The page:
I believe strongly that teaching is not a profession to be taken lightly. The trend is that people fall back to teaching when they have run out of job options. They have searched high and low and have been unable to get a job, so the only thing left to do is to become a teacher. How sad! I do know it will take a cultural shift to change this, so while we are working on that change, let’s do what we can to *find and fix* things.
After landing a shortlisting, what do you do next? Call the prospective school. Find out the nature of the interview. Ask key questions. Will there be a test? What test? Will there be team activities? Will there be face to face interviews? What do you need to take along with you?
Furthermore, research the school. Talk to people who know the school. Visit the area where the school is located. Don’t just show up there for the first time on the day of the interview. Do they have a website? Visit it and comb through. If a school does not have a website (really??), then you know what you are getting into. Is there a Facebook page? Is it active? If there are photos, what impression do you get? Do the children look happy or terrified? Are they well dressed? Do they look cared for?
Why all this research? Our workplace is a huge part of our lives. This is where we spent most of our time. You want to be part of a place that you can be proud of, thrive and make meaningful contribution. Teachers need take their workplaces seriously. There are teachers that talk down on their bosses, the children they teach and their work environment. Don’t be like that. *As an inspirational teacher, understand that the work of your hands is an extension of your personality.* If you keep on criticising your workplace, it means that you are no good as well. Instead of critiquing and moaning about what is not working and why things are not working, be an agent of change and make things work! Find out what you can do to fix things. Perhaps not the entire school but do your absolute best with the part that has been committed to you. There is no perfect workplace, so don’t go looking for where the grass is greener when you have not mowed your lawn.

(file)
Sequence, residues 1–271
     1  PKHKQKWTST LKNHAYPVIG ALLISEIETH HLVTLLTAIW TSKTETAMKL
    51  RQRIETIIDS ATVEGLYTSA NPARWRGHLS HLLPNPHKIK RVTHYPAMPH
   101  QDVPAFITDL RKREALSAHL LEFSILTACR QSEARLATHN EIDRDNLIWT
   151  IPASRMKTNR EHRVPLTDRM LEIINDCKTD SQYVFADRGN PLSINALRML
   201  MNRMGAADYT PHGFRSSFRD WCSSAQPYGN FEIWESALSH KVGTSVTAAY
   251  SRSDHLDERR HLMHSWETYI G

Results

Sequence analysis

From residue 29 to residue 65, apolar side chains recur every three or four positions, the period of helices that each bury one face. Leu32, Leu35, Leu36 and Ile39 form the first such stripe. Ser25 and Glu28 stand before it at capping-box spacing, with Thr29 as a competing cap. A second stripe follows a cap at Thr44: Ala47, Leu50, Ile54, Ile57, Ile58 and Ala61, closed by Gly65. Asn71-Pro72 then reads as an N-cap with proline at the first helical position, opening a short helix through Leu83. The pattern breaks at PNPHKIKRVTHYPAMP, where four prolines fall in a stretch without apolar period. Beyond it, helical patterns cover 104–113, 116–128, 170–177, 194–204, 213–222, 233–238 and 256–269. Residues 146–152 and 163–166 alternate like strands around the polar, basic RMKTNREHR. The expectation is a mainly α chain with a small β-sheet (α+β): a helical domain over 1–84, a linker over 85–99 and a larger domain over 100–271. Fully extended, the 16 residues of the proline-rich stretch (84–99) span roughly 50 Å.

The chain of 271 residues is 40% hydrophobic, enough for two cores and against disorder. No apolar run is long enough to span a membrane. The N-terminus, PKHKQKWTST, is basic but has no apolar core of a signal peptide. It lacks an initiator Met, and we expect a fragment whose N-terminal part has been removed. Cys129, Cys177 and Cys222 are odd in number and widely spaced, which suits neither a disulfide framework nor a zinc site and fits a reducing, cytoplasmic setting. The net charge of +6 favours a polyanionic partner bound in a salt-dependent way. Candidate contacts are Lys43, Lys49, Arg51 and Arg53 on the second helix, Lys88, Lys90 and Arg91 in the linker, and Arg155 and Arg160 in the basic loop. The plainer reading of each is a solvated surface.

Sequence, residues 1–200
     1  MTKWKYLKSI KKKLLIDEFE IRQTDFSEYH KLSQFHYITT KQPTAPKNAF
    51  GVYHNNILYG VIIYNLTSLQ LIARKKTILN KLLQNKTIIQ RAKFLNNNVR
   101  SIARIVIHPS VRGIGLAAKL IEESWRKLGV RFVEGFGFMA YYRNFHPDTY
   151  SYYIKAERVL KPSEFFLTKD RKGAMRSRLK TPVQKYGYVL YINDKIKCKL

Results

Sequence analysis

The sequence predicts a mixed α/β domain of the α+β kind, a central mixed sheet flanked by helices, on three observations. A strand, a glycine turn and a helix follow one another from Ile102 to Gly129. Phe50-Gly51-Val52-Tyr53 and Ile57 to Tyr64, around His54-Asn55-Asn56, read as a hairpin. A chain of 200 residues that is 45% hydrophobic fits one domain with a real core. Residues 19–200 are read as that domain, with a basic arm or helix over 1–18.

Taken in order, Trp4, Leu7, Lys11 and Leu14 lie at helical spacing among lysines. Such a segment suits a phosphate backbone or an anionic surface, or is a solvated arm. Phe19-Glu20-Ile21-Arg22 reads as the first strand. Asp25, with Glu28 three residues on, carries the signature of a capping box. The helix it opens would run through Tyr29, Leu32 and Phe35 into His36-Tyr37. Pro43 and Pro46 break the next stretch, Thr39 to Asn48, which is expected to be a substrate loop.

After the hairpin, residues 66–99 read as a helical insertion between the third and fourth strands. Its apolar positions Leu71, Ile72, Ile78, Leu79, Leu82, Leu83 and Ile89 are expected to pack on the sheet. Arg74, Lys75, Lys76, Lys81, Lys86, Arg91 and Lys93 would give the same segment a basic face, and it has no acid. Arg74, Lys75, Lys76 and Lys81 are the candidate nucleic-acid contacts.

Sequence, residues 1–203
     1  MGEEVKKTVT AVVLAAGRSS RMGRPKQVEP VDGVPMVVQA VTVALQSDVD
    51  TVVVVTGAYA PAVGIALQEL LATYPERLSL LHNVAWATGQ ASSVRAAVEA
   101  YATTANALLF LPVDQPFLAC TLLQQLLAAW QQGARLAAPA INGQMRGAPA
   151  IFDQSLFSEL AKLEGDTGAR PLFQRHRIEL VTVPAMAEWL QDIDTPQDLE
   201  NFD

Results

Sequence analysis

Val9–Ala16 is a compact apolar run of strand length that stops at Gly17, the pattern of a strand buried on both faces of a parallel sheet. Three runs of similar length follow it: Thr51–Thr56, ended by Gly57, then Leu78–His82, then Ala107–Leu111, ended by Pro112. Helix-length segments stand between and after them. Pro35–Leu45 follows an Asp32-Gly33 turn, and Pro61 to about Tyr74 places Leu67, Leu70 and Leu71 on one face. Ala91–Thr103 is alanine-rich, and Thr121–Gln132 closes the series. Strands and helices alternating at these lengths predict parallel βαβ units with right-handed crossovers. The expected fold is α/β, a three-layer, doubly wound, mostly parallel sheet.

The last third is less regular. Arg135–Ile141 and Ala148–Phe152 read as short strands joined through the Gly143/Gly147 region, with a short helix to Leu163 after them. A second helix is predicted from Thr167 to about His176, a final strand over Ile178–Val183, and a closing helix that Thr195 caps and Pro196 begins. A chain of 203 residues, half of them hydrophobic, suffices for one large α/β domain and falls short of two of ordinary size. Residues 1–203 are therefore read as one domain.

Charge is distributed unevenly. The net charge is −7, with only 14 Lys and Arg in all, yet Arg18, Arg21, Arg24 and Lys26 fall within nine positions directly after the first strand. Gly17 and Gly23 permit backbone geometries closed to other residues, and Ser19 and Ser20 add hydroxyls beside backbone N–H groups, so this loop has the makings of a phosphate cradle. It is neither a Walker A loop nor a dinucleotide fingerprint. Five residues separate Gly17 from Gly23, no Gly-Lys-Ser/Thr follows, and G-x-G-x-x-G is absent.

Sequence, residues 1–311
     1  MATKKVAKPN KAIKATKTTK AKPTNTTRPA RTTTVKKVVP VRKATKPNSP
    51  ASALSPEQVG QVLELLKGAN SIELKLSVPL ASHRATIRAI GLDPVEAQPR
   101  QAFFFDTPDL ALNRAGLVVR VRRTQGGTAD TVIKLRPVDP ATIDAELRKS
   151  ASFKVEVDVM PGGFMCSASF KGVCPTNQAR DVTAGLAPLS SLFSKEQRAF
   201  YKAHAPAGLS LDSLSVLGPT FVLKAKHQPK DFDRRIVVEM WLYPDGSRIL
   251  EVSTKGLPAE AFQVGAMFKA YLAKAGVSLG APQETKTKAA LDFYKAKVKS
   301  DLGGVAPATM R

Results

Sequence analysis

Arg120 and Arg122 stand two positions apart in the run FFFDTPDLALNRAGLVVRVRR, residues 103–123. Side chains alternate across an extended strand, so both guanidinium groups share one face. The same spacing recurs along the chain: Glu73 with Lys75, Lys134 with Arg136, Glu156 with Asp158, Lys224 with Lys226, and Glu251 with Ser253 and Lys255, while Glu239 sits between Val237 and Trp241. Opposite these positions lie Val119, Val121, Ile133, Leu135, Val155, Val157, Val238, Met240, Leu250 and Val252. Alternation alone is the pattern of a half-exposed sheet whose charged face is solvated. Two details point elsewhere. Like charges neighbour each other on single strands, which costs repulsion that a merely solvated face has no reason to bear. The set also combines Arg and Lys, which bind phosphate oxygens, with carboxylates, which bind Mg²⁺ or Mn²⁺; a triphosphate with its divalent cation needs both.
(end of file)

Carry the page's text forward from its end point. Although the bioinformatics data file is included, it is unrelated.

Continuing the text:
Back to the job hunt. Prepare for the interview. What questions are you prepared to answer? Do you have examples to back up your answers? In the last article, I talked about *what have you done that works?* Get someone to conduct a mock interview for you so that you can rehearse your answers. Be prepared. On the day of the interview, please dress well. It sounds like a minor thing, but first impressions matter. Look professional. Remember, you are being watched from the moment you walk through the gates.
To be continued…